Monday, March 07, 2005

Doris and friends

It is some deep quality of humans that we keep at life; we keep coming back, even when hope is barely remembered. Like the jungle villagers of the South Pacific who, after the Second World War, built bamboo airplaines along the abandoned runways, hoping to lure back the big birds that had brought them such wonders. So, while the memory of a better nation lingers, we do our citizen rituals and we hope that some majik may intervene to make the rituals effective. Keeping on is what we are doing now. If there is hope, and there always is, perhaps it is the Far Right's overreach in key areas, most especially Social Security, that may yet wake our neighbors to the takeover afoot. It is up to us to reelectrify the third rail with our own energy.

Speaking of energy, Doris "Granny D" Haddock, one of our inspirations, is resting at home (actually next door at her son's home) in Dublin, New Hampshire. She still has a plastic tube in her neck, but she can speak without too much difficulty and is expecting to have some further repairs made that will get he back on Democracy Road. She may take some time to get around to all the thanks for cards and flowers. Her hospital room was a clearing house for bouquets. After she admired each new arrival, she had the nurses find someone in the hospital who had not received any. The entire wing was soon bursting in bloom. She extends her thanks for the love and encouragement. She received a nice bouquet from her Senate competitor, Sen. Judd Gregg, and another from Governor Lynch. She sent that one home to sit beside her daughter's ashes.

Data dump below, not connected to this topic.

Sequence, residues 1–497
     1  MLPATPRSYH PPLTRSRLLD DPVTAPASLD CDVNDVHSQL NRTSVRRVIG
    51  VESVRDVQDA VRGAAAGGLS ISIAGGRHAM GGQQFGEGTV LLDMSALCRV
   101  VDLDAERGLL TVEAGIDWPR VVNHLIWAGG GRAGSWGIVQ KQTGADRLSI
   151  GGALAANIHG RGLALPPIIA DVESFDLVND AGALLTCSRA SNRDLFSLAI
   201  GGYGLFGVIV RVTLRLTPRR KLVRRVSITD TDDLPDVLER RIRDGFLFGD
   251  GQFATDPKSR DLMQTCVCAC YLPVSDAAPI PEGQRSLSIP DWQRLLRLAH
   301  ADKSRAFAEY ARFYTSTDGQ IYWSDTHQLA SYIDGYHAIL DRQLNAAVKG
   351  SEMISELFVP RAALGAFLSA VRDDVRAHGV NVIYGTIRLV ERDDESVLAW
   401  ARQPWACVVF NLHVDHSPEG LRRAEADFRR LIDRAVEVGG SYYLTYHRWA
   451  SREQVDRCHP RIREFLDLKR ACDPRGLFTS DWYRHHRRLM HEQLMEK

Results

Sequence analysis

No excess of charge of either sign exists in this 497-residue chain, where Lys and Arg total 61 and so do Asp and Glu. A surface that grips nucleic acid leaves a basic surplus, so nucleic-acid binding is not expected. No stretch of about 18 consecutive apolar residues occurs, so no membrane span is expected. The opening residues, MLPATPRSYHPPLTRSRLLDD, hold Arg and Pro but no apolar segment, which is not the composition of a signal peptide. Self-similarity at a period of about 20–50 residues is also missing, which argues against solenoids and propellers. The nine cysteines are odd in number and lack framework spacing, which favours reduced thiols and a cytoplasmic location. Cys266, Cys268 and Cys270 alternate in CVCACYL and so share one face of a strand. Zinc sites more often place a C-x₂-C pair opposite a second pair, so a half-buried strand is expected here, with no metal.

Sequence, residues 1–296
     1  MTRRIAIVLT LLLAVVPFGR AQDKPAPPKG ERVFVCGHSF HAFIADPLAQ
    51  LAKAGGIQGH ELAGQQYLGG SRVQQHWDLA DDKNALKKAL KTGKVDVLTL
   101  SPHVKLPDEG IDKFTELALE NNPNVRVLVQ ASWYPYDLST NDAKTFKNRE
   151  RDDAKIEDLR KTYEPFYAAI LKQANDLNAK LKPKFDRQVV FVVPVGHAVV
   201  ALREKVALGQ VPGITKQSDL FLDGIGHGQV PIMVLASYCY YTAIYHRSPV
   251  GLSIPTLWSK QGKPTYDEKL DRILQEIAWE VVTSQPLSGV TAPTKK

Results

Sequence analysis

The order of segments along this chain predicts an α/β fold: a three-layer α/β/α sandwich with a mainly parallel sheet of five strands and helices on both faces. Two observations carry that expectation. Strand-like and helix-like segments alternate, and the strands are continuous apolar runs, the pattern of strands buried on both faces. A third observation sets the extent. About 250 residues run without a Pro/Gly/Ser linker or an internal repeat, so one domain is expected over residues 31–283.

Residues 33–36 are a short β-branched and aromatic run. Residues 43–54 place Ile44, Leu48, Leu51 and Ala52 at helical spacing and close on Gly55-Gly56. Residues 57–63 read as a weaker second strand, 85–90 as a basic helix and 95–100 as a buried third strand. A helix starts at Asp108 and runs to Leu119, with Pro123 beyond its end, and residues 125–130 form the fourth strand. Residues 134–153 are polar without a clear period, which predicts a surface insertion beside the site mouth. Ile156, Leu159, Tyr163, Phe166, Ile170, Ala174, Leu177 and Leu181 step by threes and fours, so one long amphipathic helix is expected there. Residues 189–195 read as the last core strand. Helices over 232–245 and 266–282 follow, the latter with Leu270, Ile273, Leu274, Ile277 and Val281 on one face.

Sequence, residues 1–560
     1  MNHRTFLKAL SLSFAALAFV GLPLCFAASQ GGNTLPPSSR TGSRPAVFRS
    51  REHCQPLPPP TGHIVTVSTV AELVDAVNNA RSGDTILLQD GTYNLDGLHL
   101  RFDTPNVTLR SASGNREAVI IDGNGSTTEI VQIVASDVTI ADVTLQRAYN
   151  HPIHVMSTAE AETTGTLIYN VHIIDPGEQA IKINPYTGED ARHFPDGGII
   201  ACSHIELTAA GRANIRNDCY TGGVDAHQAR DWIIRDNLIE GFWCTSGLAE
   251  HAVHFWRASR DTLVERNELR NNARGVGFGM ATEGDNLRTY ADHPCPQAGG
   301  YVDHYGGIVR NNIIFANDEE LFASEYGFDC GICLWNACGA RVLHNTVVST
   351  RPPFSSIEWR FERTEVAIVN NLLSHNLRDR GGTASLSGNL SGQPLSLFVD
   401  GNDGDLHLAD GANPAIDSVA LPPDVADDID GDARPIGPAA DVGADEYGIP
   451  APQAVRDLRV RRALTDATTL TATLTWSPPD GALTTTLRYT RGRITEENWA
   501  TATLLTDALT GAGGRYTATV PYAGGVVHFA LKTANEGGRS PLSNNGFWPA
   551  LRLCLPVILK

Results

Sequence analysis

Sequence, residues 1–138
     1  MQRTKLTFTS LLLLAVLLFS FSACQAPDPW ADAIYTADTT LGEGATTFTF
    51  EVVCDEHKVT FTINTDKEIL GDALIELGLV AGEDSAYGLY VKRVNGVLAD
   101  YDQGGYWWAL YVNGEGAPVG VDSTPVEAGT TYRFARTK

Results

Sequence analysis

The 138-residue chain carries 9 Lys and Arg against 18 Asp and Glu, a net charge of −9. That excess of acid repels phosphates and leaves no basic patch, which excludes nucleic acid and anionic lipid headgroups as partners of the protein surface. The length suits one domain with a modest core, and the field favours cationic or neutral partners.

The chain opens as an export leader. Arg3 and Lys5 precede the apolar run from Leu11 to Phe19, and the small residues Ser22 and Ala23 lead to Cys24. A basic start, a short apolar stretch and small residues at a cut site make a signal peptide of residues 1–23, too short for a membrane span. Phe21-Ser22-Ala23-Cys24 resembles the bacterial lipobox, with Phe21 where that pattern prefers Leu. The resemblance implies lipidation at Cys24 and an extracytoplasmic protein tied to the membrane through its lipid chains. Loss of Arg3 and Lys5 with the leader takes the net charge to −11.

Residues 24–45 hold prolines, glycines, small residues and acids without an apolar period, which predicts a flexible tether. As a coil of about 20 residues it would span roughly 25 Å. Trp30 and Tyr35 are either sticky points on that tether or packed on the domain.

Her friends in her town, and the towns around--many of whom were active in her Senate campaign--quickly organized a visiting nurse committee to make it possible for Doris to spring from the hospital and recover at home.